During the past three decades, Marion Somers, PhD, aka "Dr. Marion," provided care for more than 2,000 elderly clients while she owned and operated a thriving geriatric care management practice. It is now Dr. Marion's goal to help caregivers everywhere by providing valuable insights and information in her book, Elder Care Made Easier: Doctor Marion’s 10 Steps to Help You Care for an Aging Loved One, and on her Web sites, DrMarion.com and DrMarion.org.
Grief can be a hard subject to talk about. No amount of planning can eliminate the grief or loss associated with the death of an elder loved one—and it shouldn’t. Grief is an important part of death, and you need to allow yourself to feel it. It is a healthy and powerful way to show love. Grief is often internalized through thoughts and feelings, but you may also express grief in words and tears. We were given tear ducts to relieve the stress and pressure of our lives. Use them.
When my sister passed away, I didn’t shed a tear because I was so focused on playing the caregiver role. Three months after she died, I pulled my car over to the side of the road and cried as deeply as I ever have for 30 straight minutes. There I was, thinking, “I’m a pro. I teach this. I said all the right things to my family.” Then it hit me: you’re in charge of allowing yourself to heal. You may heal slowly or quickly, but healing will come. You must allow yourself the time to heal, once you allow the grieving process to run its course.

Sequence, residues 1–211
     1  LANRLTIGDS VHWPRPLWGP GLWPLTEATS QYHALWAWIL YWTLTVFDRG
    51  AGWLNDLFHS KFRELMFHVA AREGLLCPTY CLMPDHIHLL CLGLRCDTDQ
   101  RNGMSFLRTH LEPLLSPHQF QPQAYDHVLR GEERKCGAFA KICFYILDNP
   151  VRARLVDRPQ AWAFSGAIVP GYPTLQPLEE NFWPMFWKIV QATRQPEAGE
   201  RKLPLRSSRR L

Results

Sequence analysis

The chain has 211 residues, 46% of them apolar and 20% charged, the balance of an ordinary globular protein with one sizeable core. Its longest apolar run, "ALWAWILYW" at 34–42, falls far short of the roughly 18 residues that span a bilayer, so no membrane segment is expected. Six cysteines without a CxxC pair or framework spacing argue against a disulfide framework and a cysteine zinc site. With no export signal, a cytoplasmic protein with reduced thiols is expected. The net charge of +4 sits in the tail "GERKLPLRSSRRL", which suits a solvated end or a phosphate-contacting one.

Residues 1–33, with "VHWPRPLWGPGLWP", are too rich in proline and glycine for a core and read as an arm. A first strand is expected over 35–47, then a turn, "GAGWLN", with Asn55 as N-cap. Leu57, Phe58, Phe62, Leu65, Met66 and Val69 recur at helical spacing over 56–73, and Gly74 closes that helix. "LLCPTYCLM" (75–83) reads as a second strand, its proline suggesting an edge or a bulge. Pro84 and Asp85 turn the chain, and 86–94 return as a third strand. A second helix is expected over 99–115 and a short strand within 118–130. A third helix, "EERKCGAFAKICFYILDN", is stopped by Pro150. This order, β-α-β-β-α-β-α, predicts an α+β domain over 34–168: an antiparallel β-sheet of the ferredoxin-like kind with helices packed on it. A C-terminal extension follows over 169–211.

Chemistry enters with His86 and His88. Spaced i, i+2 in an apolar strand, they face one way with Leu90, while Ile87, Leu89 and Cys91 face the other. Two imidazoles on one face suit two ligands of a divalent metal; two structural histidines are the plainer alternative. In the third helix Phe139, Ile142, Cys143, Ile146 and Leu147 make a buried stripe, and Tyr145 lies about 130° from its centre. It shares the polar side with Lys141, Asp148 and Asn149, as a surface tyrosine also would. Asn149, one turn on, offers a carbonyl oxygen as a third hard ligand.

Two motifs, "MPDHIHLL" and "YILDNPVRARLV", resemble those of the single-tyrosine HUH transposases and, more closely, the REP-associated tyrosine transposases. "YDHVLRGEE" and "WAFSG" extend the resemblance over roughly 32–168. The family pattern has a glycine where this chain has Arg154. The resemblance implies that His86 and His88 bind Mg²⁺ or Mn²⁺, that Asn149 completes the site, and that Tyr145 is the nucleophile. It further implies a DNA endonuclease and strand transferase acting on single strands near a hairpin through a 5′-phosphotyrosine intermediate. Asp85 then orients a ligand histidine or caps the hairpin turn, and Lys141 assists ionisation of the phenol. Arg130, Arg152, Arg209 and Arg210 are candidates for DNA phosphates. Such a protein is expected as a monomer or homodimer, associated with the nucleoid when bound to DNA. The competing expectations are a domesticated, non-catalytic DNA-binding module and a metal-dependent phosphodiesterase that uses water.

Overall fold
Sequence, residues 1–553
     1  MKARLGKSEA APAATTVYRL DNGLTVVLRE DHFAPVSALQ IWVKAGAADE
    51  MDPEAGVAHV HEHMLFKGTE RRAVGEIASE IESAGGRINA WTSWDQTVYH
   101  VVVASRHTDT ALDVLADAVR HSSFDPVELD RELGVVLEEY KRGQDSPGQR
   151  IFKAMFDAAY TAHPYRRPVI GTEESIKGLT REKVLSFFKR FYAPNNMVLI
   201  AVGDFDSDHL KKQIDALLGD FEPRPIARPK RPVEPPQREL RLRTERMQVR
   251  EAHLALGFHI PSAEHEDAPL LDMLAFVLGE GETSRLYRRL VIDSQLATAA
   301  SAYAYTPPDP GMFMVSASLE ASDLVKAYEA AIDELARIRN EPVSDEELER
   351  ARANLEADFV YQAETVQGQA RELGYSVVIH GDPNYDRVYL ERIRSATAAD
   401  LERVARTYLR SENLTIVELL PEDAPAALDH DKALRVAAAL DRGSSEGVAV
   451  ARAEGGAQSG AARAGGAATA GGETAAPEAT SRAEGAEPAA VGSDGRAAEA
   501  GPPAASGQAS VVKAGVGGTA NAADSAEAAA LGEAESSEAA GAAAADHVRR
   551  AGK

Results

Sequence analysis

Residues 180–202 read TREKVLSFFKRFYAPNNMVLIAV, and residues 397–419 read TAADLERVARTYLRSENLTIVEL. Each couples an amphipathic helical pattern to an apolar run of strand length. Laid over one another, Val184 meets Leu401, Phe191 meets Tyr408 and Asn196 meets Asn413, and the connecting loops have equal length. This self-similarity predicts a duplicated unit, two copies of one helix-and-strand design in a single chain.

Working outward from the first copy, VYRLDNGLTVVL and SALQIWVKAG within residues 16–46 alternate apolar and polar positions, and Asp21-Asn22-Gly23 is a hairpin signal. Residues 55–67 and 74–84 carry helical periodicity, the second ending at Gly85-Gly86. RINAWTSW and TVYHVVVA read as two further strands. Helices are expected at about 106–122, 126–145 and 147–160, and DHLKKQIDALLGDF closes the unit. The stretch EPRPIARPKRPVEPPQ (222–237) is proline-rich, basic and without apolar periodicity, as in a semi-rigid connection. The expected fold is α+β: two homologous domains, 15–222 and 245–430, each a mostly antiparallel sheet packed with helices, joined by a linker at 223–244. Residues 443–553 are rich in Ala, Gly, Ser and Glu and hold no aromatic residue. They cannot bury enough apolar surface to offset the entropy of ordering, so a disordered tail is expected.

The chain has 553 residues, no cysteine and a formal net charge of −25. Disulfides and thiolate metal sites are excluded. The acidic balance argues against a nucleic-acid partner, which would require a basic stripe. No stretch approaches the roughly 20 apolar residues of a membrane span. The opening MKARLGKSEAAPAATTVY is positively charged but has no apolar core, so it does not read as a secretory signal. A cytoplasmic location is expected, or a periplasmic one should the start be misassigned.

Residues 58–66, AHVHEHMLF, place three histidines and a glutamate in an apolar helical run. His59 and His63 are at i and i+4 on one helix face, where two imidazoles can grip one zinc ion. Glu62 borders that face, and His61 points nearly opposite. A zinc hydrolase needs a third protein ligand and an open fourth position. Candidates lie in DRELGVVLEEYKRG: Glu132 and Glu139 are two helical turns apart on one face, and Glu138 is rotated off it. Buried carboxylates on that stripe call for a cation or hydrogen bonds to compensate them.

Grieving is hard work, so be sure you do not cut the process short. If you feel comfortable, share your grief with someone you can trust. Grieve in a way that feels right to you, not necessarily in a way that others have suggested. Grief comes in many different forms: Some people cry, others scream and rant, others take quiet walks and reflect. The method itself doesn’t matter, but let the process be part of you for whatever period you need. Remember that a crisis can be overwhelming if you look at all aspects of it at once, so take it one minute, one hour, one day at a time.
It’s important to allow yourself to grieve, and then do something that makes you feel good. You have been through something difficult, but you can’t forget to take care of yourself. Go to a movie, shop, get some sun, watch a ball game, or get a massage.
What can you do to help comfort the people who are left behind? What are the right words? I suggest talking about an aspect of your elder’s life that was most impressive. Focus on the positive. Emotions will come and go in waves. I recommend that you allow yourself and others to express feelings and thoughts, whatever they may be.
Beware of depression setting in. Many family members, especially the caregiver, can become depressed after the loss. Be aware if you find yourself eating too much or too little, drinking too much, chain smoking, or any other uncharacteristic behavior. Also watch for similar behaviors in any close family members. If you think a professional could help you, arrange for an appointment, or try going to a support group. Remember to seek help as you need it, and you will get through this difficult time.
By Dr. Marion
Elder Care Made Easier Blog
[A version of this blog originally appeared on Dr. Marion’s Web site.]